In Arizona, both cover and height of vegetation used by soras varied with seasons. Conway suggested the differences likely reflected the varied diet of the sora [8]. The availability of habitat in different seasons is another possible source of seasonal differences in sora habitat [54].

Extent of woody vegetation surrounding South Dakota wetlands was not significantly (p=0.6) associated with sora occurrence [45]. However, in marshes of western New York, there was a significant (p=0.041) negative relationship between percent flooded timber on a site and sora relative abundance [34].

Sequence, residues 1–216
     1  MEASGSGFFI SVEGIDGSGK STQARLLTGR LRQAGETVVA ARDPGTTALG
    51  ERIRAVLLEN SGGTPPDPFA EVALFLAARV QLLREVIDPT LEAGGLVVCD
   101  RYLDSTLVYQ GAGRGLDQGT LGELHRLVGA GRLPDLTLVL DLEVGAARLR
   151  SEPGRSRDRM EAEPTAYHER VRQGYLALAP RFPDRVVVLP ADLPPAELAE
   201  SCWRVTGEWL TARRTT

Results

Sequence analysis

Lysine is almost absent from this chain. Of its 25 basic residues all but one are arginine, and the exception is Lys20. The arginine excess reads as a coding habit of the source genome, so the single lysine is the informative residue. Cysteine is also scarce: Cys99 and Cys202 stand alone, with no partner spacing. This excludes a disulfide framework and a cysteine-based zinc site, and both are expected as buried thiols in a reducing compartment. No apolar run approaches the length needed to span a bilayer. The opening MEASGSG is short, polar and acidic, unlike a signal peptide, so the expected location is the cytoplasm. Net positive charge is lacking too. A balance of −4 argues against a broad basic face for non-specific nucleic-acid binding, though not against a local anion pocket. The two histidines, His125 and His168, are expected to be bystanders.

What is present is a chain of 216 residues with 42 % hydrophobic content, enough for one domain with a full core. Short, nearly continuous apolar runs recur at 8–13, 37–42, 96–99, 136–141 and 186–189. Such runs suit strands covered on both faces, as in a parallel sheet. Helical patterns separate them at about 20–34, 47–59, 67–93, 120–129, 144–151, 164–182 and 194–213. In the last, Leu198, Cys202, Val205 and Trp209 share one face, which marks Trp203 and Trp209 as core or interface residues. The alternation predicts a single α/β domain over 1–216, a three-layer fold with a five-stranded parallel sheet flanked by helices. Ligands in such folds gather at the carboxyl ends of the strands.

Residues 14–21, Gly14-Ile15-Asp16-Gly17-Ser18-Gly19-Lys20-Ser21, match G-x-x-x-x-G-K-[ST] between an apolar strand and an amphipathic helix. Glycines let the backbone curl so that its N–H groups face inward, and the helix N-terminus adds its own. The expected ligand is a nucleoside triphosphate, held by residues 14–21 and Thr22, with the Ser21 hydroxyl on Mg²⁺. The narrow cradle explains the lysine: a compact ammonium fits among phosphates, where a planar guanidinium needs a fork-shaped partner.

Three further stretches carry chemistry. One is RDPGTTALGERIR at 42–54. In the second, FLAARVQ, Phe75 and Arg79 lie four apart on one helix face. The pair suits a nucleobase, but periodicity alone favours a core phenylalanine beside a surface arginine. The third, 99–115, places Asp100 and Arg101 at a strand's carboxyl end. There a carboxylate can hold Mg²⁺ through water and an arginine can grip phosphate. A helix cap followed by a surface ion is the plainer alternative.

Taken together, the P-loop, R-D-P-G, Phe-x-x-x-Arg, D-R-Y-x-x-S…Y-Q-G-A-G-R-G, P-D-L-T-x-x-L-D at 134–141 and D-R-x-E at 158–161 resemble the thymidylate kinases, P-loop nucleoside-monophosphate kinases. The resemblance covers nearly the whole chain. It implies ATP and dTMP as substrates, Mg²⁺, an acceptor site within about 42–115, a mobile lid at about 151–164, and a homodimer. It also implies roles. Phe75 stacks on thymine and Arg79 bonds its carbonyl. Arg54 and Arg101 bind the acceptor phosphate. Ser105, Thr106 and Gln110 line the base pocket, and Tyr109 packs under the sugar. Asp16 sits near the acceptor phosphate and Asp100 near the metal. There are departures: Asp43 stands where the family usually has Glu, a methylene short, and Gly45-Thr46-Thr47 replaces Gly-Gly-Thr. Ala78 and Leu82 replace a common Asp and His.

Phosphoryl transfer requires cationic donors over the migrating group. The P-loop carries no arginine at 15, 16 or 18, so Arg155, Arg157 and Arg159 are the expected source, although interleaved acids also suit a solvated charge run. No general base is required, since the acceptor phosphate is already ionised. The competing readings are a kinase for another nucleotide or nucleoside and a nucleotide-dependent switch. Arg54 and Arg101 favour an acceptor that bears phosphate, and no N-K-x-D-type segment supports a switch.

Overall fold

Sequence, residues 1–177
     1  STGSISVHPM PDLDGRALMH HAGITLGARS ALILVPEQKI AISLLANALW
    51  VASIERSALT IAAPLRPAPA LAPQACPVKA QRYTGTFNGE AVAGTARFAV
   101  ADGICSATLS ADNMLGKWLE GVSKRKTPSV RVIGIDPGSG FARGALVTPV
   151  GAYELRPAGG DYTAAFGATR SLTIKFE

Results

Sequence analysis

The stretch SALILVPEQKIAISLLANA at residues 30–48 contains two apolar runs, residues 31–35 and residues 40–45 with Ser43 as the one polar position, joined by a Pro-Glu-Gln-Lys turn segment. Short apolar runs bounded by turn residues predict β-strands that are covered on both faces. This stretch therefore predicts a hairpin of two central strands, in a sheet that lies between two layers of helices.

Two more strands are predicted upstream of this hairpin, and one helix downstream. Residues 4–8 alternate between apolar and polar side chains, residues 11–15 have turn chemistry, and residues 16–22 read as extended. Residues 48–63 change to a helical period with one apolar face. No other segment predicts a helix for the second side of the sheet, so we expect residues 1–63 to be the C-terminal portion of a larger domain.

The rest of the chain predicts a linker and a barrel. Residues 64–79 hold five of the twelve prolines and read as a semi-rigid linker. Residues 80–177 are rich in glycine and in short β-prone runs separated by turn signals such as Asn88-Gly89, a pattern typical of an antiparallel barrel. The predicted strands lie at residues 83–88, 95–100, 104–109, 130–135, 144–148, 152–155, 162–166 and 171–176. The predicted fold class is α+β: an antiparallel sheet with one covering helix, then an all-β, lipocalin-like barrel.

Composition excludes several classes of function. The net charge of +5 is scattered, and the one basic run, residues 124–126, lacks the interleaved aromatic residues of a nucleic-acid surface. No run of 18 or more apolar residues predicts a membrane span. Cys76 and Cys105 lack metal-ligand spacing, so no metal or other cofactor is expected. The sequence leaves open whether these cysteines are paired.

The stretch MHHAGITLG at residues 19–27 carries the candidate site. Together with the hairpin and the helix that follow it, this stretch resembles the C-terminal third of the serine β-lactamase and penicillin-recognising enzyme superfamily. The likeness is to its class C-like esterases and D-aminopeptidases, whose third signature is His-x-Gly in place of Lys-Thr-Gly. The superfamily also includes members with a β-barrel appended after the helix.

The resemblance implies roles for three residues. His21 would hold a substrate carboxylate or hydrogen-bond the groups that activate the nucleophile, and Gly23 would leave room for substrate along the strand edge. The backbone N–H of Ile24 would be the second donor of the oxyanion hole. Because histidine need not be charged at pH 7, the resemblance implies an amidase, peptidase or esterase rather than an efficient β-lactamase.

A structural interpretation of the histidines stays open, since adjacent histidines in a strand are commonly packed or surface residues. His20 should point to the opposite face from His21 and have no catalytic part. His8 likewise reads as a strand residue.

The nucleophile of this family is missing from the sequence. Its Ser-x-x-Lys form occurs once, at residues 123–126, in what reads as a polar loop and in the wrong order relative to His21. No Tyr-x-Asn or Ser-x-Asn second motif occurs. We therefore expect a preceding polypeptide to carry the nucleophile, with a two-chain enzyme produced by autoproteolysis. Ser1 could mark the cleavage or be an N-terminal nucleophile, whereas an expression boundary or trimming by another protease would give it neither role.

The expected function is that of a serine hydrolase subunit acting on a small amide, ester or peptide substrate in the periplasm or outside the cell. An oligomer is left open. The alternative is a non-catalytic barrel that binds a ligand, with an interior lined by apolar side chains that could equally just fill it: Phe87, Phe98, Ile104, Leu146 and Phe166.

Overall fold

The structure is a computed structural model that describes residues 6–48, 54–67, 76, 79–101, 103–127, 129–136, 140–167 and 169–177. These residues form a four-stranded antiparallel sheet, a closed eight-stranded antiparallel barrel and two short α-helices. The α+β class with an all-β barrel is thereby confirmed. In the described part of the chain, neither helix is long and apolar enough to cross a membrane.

Soras may prefer some cover types. In Arizona, 65.3% of sora use was in southern cattail (Typha domingensis), although it comprised only 16.5% of the vegetation. Bulrushes and a mixed-shrub community were also used more than their availability, while saltcedar (Tamarix chinensis) and arrowweed (Pluchea sericea) were avoided [8]. A literature review notes sora avoidance of purple loosestrife (Lythrum salicaria)-dominated sites [6]. In east and central Maine, wetlands used by soras had significantly (p=0.05) more ericaceous vegetation, such as leatherleaves (Chamaedaphne spp.), sweetgales (Myrica spp.), and laurels (Kalmia spp.) [19]. In marshes of northwestern Iowa, broadleaf arrowhead (Sagittaria latifolia) occurred in sora territories significantly (p<0.01) more often than at random sites. Johnson and Dinsmore [27] imply that this likely results from both species preferring similar site conditions. In May and June in Wisconsin, soras were detected significantly (p<0.025) more often in cattail (Typha spp.) survey areas than in sedge areas [51]. However, in southeastern Wisconsin during the breeding season, there was no significant (p=0.943) difference in sora densities between habitats comprised predominantly of cattail, sedge, or bulrush [38]. In addition, soras' use of glaucous cattail (Typha glauca), broadfruit bur-reed (Sparganium eurycarpum), sedge, river bulrush (Schoenoplectus fluviatilis), and hardstem bulrush (S. acutus var. acutus) habitats in marshes of northwestern Iowa generally reflected availability of these habitats [27].